Valacyclovir Effective at Reducing Vertical Cytomegalovirus Transmission

Benefits and risks of taking antidepressant medications during pregnancy
Benefits and risks of taking antidepressant medications during pregnancy
Study authors assessed the rate of vertical transmission of cytomegalovirus in pregnant women depending on with CMV infections are acquired periconceptionally or within the first trimester.

Valacyclovir was effective in reducing the rate of fetal cytomegalovirus (CMV) infection after maternal primary infection early in pregnancy, according to data from a prospective, randomized, double-blind, placebo-controlled trial published in The Lancet (, NCT02351102).

Pregnant women aged 18 years or older with serological evidence of CMV infections acquired periconceptionally or within the first trimester were included. 92 participants were randomized to receive either oral valacyclovir 4g twice daily or placebo from time of enrollment until time of amniocenteses at 21 or 22 weeks. Baseline characteristics between groups were similar, and primary endpoint was rate of vertical transmission of CMV.

The median gestational age at initiation was 76 days (interquartile range [IQR], 69-95). In the valacyclovir group, 11% of amniocenteses (5/45) were positive for CMV compared to 30% of amniocenteses (14/47) in the placebo group (odds ratio [OR], 0.29; 95% CI, 0.09-0.90; P =.027). Among all women with a CMV infection in the first trimester, 11% of women (2/19) in the valacyclovir group had a positive amniocentesis compared to 48% of women (11/23) in the placebo group (P =.02). For women with periconceptional CMV infections, there was no difference between groups (P =.91).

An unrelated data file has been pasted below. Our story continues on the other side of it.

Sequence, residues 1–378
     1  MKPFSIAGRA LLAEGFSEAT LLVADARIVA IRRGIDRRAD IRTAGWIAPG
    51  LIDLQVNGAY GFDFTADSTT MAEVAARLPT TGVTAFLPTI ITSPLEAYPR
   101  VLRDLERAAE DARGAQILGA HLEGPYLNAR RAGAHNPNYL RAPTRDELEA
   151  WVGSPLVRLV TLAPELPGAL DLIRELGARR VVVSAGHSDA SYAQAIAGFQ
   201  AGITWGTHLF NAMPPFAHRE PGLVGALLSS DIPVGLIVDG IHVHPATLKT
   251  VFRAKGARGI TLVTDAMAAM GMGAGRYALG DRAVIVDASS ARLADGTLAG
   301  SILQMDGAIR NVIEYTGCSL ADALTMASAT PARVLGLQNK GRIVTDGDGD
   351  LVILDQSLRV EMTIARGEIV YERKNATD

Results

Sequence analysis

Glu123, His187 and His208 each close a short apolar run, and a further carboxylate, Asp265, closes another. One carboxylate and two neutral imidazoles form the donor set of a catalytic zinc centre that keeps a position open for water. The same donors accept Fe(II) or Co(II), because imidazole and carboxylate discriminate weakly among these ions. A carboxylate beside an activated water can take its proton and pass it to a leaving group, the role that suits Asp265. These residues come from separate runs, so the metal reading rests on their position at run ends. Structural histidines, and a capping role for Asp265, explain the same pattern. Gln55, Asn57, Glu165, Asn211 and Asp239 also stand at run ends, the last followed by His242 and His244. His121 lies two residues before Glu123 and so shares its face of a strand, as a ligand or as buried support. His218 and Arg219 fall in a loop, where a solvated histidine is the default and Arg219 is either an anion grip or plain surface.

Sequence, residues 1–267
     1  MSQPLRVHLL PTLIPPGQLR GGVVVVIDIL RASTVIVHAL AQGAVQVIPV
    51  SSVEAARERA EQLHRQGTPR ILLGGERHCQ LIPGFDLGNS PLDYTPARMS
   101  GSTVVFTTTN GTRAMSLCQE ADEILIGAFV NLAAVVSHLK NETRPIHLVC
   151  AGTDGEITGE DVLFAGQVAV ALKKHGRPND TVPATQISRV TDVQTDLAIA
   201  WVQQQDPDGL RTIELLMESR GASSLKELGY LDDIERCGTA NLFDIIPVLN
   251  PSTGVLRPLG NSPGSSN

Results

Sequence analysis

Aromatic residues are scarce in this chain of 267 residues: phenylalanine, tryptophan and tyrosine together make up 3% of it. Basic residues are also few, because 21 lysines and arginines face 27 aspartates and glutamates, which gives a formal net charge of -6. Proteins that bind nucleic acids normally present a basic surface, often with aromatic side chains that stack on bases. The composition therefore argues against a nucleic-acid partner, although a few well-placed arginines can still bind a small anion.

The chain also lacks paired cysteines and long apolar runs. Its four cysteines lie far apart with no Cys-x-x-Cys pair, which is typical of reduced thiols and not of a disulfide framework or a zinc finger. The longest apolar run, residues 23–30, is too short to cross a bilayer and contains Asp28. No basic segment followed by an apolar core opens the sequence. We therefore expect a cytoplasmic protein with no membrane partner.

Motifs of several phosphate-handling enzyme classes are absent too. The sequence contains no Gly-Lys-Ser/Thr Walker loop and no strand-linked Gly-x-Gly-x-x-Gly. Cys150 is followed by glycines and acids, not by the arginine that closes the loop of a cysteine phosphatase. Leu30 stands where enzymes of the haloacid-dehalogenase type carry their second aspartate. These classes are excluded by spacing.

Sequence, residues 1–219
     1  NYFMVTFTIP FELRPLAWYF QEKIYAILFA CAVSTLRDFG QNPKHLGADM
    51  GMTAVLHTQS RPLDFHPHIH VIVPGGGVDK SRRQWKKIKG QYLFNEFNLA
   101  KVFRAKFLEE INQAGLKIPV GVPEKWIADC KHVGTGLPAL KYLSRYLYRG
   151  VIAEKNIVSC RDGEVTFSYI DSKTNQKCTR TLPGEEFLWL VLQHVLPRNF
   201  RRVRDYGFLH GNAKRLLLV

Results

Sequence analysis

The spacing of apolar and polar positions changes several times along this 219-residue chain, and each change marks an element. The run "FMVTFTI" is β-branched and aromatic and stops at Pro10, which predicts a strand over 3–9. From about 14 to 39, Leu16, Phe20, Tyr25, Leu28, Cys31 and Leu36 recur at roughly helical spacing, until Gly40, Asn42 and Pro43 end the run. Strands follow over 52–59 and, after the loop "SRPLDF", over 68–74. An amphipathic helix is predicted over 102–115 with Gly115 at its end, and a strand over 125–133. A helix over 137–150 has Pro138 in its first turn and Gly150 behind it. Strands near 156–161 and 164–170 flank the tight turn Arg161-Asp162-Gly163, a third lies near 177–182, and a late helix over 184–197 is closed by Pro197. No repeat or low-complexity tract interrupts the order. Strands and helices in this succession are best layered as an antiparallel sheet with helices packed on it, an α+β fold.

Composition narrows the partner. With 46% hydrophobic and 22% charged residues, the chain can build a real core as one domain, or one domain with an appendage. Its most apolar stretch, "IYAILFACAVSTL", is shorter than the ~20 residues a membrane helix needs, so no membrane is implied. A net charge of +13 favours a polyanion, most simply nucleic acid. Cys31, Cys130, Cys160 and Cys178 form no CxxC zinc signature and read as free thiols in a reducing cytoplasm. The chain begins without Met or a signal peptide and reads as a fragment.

Patients infected during the first trimester began treatment significantly earlier compared with patients with periconceptional infections in both valacyclovir (P =.0026) and placebo (P <.0001) groups. Women with a positive amniocentesis in the valacyclovir group began treatment significantly later compared with mothers with a negative amniocentesis (75.60 vs 50.75 days; P =.0047). One pregnancy in the valacyclovir group and 2 pregnancies in the placebo group was terminated at a late stage due to CMV-related fetal damage. In the valacyclovir group, 1 infant had hearing loss and 1 had subependymal cysts without any other manifestations. The valacyclovir group had lower odds of any CMV-related morbidity compared to placebo (OR, 0.38; 95% CI, 0.09–1.56).

Limitations of this study include small sample size,  primary use of serological assays to determine the timing of maternal infection, and the use of a per-protocol analysis. A total of 6 infants, 2 from the placebo group and 4 from the valacyclovir group, were positive for CMV at birth despite negative amniocenteses, which suggests the possibility of late fetal infections.

According to investigators, this is the first study to investigate the efficacy of valacyclovir in preventing vertical transmission of CMV after first trimester primary maternal infection. “Adoption of this strategy could reduce rate of symptomatic congenital cytomegalovirus in neonates,” investigators concluded.


Shahar-Nissan K, Pardo J, Peled O, et al. Valaciclovir to prevent vertical transmission of cytomegalovirus after maternal primary infection during pregnancy: a randomised, double-blind, placebo-controlled trial. Lancet. 2020;396(10253):779-85. doi:10.1016/S0140-6736(20)31868-7.